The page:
Over the last eight years, Lea Orth has watched New York City recover from 9/11.
Still, Ground Zero, where the World Trade Center towers came crashing down, remains vacant.
“There’s been a huge empty space there,” said Orth, who lives in New York and is frequently in Lawrence for volunteer work and to visit her children and relatives.
It’s a hole that makes things different, even disorienting.
“The towers were so amazing that they really were the identifying feature there. You always sort of knew where you were down there, based on where the towers were,” Orth said during an interview on Thursday.
She had an office across the street from the World Trade Center in 2001. During the attacks, she was still in her Upper West Side home getting ready for an 11 a.m. appointment inside one of the towers.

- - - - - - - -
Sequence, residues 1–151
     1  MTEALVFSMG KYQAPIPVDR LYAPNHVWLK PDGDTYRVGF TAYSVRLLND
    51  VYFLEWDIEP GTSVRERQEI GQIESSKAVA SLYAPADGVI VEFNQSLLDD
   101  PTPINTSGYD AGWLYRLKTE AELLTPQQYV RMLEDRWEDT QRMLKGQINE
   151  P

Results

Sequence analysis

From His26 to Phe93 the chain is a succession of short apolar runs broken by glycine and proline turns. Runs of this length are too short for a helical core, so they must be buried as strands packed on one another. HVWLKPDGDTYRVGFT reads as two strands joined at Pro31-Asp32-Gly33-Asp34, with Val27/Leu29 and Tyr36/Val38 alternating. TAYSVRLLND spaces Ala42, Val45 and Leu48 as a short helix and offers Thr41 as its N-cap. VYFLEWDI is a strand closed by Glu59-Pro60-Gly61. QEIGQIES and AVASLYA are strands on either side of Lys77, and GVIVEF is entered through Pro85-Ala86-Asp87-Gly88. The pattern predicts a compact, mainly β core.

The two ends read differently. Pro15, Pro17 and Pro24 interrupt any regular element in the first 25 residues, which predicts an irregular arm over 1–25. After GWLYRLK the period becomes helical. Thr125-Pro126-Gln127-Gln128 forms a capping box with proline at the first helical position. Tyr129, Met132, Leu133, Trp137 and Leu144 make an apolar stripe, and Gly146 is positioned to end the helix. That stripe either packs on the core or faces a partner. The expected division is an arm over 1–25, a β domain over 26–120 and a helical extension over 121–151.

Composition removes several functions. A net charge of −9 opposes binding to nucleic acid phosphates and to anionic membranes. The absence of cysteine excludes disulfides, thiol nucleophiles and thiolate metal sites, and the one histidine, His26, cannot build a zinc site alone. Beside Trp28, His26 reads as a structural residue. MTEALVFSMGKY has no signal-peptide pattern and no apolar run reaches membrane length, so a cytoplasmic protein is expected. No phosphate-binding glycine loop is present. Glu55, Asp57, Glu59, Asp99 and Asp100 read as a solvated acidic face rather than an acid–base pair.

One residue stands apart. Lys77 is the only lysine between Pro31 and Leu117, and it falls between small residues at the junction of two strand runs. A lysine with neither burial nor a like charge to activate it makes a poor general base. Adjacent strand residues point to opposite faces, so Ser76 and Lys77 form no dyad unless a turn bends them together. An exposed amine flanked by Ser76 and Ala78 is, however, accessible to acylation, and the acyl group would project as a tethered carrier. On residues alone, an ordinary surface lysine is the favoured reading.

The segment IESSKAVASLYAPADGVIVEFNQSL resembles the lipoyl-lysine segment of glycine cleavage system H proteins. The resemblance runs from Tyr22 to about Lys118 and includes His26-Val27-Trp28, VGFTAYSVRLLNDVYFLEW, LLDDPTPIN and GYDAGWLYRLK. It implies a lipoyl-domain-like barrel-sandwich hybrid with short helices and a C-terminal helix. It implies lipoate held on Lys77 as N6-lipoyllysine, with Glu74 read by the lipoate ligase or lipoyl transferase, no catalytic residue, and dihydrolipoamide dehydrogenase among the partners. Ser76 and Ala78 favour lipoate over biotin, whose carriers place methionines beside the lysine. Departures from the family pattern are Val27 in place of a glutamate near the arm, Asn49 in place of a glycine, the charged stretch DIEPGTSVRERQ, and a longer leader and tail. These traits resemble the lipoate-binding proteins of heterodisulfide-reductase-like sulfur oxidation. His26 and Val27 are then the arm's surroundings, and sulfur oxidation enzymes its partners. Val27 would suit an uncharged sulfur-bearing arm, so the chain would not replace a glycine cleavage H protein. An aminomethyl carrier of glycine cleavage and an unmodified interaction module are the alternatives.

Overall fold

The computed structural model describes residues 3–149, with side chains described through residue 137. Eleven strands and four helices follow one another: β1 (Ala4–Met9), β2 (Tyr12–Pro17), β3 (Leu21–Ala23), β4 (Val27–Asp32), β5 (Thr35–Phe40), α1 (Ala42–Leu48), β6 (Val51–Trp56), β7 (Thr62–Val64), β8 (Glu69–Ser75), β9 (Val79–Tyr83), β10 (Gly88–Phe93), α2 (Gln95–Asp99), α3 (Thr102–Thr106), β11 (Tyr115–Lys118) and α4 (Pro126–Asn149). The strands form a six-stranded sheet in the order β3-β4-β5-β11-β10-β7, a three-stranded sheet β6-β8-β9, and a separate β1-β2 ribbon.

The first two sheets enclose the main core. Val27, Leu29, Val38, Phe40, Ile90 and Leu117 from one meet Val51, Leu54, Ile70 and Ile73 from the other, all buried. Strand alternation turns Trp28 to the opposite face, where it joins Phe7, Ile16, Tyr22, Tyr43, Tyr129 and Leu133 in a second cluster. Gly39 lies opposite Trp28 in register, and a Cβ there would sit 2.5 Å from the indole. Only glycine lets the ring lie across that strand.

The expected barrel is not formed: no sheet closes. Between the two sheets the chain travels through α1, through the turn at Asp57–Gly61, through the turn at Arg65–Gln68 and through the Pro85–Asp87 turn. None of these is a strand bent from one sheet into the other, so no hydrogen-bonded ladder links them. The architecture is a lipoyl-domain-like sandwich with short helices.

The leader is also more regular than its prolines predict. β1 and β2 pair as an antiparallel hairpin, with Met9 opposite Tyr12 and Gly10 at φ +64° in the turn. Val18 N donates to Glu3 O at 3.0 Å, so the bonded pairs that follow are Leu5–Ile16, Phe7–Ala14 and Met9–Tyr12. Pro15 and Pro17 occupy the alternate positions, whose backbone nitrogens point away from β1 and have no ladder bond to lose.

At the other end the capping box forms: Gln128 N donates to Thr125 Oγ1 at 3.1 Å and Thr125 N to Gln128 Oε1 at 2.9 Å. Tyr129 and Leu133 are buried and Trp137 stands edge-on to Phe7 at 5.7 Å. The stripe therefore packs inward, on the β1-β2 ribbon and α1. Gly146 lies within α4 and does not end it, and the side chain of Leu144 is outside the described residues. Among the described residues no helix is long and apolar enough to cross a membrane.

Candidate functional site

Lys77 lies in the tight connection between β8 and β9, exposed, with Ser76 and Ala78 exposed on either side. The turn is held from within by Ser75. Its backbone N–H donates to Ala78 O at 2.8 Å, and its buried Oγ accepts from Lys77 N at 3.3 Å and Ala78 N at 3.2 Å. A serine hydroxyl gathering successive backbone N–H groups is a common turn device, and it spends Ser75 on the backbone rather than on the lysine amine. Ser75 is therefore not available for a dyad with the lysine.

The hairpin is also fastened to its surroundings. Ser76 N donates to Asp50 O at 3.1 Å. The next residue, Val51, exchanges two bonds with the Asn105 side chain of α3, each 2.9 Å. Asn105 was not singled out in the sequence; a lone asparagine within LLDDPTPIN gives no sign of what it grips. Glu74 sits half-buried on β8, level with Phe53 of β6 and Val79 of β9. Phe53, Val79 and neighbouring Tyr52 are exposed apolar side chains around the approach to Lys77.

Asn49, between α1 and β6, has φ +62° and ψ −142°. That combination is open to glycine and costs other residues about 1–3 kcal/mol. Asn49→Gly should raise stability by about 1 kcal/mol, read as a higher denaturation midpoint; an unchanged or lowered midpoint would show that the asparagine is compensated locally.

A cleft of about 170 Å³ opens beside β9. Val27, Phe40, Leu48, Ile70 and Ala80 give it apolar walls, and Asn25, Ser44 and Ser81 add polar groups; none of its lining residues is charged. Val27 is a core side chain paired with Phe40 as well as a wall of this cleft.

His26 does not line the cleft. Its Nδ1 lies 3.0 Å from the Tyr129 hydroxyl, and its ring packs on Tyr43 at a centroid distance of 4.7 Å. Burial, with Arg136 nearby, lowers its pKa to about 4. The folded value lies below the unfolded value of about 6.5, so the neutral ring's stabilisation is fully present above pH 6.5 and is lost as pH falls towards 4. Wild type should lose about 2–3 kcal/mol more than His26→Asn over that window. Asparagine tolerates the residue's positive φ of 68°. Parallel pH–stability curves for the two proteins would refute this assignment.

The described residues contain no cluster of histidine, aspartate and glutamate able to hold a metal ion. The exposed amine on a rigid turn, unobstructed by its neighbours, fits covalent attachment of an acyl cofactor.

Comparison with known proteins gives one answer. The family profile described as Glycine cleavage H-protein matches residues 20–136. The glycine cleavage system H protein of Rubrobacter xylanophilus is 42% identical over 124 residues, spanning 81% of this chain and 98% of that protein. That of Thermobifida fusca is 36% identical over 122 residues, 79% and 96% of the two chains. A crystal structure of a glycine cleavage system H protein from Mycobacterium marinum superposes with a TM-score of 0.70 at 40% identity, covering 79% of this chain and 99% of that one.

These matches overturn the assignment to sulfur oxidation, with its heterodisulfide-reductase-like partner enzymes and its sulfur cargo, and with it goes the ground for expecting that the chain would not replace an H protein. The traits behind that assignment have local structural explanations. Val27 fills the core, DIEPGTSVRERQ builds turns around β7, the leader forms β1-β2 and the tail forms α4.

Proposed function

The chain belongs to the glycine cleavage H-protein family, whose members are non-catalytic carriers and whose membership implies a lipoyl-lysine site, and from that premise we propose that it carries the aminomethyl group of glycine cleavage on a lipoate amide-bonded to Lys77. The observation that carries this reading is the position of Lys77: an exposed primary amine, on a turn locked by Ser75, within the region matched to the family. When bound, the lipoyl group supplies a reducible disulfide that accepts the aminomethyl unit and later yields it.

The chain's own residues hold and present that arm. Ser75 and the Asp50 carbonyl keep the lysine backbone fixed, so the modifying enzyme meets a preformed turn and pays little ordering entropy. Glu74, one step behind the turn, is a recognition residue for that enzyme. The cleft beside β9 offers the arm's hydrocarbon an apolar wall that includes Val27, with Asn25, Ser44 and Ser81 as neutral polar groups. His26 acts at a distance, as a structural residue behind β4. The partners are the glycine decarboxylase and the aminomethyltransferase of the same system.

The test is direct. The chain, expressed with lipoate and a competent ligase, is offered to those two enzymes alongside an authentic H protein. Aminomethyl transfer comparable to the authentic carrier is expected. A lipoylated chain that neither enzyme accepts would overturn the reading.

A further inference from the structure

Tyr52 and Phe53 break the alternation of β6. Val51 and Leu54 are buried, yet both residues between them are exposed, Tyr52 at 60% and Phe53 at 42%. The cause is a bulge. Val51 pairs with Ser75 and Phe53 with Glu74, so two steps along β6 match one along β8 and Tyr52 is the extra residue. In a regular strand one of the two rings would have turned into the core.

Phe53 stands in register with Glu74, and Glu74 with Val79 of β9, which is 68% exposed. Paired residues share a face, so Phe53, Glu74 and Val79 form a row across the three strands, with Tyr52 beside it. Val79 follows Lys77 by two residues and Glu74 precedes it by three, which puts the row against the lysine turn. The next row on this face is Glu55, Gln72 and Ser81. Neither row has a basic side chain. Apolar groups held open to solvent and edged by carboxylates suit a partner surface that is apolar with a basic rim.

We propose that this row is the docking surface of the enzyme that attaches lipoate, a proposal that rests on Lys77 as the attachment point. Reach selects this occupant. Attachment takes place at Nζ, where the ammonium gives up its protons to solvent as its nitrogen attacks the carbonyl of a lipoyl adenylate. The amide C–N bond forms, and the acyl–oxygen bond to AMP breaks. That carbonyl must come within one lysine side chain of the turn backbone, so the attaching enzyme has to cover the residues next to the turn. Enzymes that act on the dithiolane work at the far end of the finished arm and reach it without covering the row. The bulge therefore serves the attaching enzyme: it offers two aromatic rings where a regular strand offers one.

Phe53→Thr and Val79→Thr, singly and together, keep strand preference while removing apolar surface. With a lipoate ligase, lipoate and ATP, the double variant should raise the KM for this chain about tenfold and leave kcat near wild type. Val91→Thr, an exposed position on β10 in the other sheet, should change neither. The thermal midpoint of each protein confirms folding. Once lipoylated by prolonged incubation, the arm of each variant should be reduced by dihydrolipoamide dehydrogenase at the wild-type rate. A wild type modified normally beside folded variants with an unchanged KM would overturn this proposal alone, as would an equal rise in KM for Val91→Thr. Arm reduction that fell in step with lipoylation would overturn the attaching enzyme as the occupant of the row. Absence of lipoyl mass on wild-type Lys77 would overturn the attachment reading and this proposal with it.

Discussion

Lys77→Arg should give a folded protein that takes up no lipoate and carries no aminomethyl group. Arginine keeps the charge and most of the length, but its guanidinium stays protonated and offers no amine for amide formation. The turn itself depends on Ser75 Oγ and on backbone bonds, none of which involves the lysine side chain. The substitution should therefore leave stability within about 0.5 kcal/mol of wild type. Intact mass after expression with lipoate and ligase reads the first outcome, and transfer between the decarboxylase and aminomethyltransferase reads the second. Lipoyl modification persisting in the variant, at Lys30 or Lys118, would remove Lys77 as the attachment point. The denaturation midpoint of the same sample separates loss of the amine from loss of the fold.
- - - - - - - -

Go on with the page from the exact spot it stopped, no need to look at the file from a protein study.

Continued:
She remembers the day.
“People walked by … everyone was just full of gray; their hair, their clothes, their briefcases,” Orth said. “People just walked out, it was very quiet. It was just an extremely eerie day.”
Orth knows people who lost loved ones. She knows people who escaped. She knows people who had to leave their apartments fast. She knows people who lost their jobs for a long time.
The tragedy has affected her in many ways. It’s a situation that’s made her more inclined to donate to food banks and made her respect for firefighters increase.
“When everyone else was running away, they had rushed in to help,” said Orth, who would habitually walk by the fire station and acknowledge the firefighters on her way to work.
As Americans commemorate 9/11, Orth will remember her close friend who witnessed a plane crash into the building and kill her granddaughter inside.
She’ll remember the clouds of smoke and ash that were visible for days, even in her neighborhood six miles away.